GOP Senators Parrot Claims of NYT's Pornhub Editorial

GOP Senators Parrot Claims of NYT's Pornhub Editorial

WASHINGTON — Two prominent Republican Senators who have previously called for online censorship and the revocation of Section 230 protections, Josh Hawley (R-Mo.) and Ben Sasse (R-Neb.) are among the first to use the recent New York Times’ editorial by Nicholas Kristof to call for government action against Pornhub and parent company MindGeek.

An op-ed published Friday on XBIZ dissected Kristof’s piece and described it as “a sensationalistic call for state censorship and financial strangulation of Pornhub, packaged around gut-punching testimonials from young victims of sexual exploitation.”

Predictably, members of Congress — particularly Republicans following Donald Trump’s lead — who have spent the last few months holding more hearings about repealing Section 230 than they have about handling the COVID-19 pandemic, have immediately reacted to Kristof’s anti-Pornhub manifesto with heightened animosity.

Sasse, who nine months ago had penned a letter to Attorney General William Barr demanding an investigation into Pornhub, told right-wing news site Daily Caller on Friday that “the Department of Justice needs to open an investigation into the scumbags who run Mindgeek.”

His fellow Midwestern colleague Senator Hawley tweeted, “Tremendous reporting by Nick Kristof on the exploitation that occurs on sites like Pornhub. It’s time for it to end. I will introduce legislation to create a federal right to sue for every person coerced or trafficked or exploited by sites like Pornhub.”

Kristof, in a role of direct advocacy demanding state censorship, and using the arguments of religiously inspired organization Exodus Cry/Traffickinghub, directly tweeted his story to Kamala Harris, Justin Trudeau and others.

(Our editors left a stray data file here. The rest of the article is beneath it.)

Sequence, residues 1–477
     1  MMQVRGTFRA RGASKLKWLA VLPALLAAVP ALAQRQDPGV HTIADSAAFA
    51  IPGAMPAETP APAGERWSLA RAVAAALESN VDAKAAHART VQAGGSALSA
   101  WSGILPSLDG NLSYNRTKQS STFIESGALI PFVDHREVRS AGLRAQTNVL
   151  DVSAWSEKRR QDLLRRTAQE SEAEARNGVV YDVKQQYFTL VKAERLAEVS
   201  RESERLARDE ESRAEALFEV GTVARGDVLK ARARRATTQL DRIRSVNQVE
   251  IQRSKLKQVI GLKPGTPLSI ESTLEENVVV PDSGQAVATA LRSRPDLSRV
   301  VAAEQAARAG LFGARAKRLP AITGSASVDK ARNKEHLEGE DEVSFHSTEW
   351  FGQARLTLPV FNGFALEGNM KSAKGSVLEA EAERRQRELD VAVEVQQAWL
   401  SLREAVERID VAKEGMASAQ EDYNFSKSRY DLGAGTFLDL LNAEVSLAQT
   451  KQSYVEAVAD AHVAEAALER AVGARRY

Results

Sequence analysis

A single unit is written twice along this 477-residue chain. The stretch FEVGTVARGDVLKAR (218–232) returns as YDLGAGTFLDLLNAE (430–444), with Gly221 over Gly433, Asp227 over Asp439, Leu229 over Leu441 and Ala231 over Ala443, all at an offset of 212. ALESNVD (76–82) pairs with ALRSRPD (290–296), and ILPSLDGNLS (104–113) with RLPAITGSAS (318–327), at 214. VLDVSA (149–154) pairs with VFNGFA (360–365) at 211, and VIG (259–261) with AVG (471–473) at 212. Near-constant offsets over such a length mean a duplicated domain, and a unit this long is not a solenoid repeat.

20 Canadian legislators have reportedly called for their government to target Pornhub’s operations north of the border.

Kristof’s retweets, copied by Senator Hawley, prominently exploit the image of a homeless 19-year-old  in a skintight shirt, which the editorial’s writer and the New York Times editors deliberately chose to provoke a political and social reaction.

Friday's op-ed on XBIZ described Kristof and the Times as having turned the piece "into a manipulative attempt to insert themselves in the complex debates around Section 230 — the so-called First Amendment of the internet — free speech online and sexual expression among consenting adults, including pornography.”

“Everything about ‘The Children of Pornhub’ is exploitative, from the testimonials, to the absolutely misguided photo essay taking advantage of a homeless teen to drive home a point and affect policy.”

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